Hong Kong’s top court hears landmark case over spousal visa for British lesbian
Hong Kong’s top court has begun to hear an appeal for a landmark case which could have a significant impact on LGBT rights in the territory.
A lesbian, who is known only as QT for legal reasons, is married under UK law to SS, with whom she first got a civil partnership in 2011.
The pair found themselves facing discrimination when SS relocated to Hong Kong for work – which would usually allow SS to bring a husband on a spousal visa.
However, as they are a same-sex couple and their marriage is not recognised under Hong Kong law, immigration authorities in the former British colony repeatedly rejected QT’s spousal visa application.
Without the correct visa to reside in the country, QT could only travel there on a tourist visa, which does not permit her to work.
QT then sued Hong Kong’s immigration director for denying her a spousal visa.
QT lost her case in the lower court, but then won at the Court of Appeal in 2017, which ruled that the immigration department’s refusal to grant her a visa was indirect discrimination.
The immigration department then appealed the Court of Appeal’s decision, which brought it to Hong Kong’s highest court, the Court of Final Appeal.
QT has been supported by 31 major banks and law firms, as well as Amnesty International, many of which have sought to advocate for her directly in the case.
According to Reuters, QT’s lawyer Dinah Rose, QC, told the Court of Final Appeal that the immigration policy was discriminatory as it placed LGBT couples at a disadvantage compared to their heterosexual peers.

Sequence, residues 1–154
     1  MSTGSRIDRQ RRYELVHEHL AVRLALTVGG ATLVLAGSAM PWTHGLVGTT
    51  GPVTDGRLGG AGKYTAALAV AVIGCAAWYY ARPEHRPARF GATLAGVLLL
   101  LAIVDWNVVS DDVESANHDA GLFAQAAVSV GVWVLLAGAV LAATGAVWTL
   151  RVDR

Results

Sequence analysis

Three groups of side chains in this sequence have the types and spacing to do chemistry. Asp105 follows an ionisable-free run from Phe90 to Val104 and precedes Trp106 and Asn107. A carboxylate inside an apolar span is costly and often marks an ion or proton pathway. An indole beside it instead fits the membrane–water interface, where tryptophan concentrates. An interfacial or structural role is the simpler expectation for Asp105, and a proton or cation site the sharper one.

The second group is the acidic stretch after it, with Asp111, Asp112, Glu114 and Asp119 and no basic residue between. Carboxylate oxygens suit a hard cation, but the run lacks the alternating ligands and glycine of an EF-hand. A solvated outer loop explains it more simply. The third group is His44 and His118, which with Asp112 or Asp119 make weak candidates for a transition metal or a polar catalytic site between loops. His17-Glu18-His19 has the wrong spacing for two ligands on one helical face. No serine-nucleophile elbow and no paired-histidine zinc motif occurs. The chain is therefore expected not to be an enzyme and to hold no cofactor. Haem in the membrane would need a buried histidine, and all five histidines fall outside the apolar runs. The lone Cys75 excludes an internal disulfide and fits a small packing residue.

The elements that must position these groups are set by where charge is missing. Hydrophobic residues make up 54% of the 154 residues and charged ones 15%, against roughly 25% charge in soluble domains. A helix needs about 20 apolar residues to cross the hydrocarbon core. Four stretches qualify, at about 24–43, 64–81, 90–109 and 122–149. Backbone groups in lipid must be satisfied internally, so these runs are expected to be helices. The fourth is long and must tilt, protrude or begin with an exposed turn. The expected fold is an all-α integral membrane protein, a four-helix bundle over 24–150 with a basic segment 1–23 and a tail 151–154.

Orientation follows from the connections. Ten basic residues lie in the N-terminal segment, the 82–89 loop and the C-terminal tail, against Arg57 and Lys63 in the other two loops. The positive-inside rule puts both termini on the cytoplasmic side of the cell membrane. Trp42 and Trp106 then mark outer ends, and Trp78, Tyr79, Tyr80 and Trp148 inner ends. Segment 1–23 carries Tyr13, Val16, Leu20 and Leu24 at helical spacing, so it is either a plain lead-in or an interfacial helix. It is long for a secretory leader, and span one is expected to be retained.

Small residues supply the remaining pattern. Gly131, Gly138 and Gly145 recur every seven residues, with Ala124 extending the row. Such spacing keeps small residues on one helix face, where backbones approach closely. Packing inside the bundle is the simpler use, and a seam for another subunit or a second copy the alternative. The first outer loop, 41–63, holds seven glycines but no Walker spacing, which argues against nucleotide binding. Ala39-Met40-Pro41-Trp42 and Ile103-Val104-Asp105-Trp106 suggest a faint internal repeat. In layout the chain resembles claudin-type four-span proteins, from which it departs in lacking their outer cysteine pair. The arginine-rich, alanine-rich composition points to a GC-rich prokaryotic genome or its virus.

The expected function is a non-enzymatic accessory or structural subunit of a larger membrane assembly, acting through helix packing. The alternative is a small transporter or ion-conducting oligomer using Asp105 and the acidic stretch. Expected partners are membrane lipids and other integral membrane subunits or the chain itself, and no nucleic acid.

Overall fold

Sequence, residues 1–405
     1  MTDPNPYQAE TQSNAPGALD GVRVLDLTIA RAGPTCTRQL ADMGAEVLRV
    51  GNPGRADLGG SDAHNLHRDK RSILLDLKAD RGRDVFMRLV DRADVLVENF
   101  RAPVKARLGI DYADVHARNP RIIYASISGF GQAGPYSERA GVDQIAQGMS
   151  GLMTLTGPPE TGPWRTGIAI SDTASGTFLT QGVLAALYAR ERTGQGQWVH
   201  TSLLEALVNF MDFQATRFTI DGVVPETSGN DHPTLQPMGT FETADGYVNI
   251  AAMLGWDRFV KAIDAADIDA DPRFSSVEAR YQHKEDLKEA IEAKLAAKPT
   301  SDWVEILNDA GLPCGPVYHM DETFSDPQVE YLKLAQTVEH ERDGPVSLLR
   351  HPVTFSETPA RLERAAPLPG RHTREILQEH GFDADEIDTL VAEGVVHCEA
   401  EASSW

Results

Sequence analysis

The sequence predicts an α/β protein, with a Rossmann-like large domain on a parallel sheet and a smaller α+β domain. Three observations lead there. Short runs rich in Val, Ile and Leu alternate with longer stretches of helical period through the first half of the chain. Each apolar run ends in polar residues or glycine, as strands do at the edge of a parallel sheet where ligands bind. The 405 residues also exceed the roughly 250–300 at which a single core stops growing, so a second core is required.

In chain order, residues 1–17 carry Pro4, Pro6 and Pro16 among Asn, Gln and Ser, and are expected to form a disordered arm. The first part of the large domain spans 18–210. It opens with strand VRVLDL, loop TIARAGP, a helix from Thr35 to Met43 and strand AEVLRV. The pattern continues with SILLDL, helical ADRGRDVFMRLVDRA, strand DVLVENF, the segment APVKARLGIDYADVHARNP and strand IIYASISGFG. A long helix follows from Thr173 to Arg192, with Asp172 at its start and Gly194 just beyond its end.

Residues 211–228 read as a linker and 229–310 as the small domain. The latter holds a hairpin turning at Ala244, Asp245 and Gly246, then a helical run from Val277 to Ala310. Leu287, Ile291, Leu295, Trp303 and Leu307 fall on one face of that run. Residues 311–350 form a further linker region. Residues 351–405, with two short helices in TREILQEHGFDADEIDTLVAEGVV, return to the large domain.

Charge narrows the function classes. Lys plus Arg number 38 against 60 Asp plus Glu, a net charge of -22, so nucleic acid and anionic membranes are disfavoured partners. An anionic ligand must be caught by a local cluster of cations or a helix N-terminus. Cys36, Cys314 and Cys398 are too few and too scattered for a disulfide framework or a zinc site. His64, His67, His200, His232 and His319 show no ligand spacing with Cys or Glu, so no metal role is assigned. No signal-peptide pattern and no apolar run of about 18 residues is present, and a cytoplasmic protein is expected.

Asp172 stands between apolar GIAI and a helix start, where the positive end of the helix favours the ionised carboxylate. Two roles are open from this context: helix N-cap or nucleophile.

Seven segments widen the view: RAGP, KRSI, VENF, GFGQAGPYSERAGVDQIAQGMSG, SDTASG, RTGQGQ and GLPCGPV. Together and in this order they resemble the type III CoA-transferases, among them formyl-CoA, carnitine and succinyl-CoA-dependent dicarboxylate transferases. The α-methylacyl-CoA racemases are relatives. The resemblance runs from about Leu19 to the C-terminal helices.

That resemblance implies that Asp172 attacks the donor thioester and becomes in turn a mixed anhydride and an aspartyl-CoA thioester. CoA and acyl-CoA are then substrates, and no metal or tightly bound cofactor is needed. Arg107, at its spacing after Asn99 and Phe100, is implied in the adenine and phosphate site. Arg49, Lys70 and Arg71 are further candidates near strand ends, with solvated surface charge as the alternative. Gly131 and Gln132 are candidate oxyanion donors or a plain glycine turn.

“Every single gay couple is unable to comply with the policy,” Rose said on Monday.
She added that it was striking that corporations and businesses – including Goldman Sachs and Barclays – had taken an interest in the case.
Rose said: “The businesses are concerned the discriminatory way… is impeding their ability to recruit the best people, gay or straight, to work in Hong Kong, so Hong Kong can compete and thrive in an international market.”
Representing the government of Hong Kong, Lord David Pannick, QC, stated that the immigration department was not required to recognise same-sex marriages from abroad.
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Neither same-sex marriage or civil partnerships are currently recognised in Hong Kong.
Pannick said that the director of immigration had the power to grant the visa, but was under no obligation, stating: “He may choose to go further than that, but he has no duty to do so.”
However, Chief Justice Geoffrey Ma stated that the immigration department’s stance on marriage was “inconsistent” as same-sex partners of consular staff were granted the visas.
Ma said: “It does call into question… whether this sort of difference in treatment is actually right, whether it is fair.”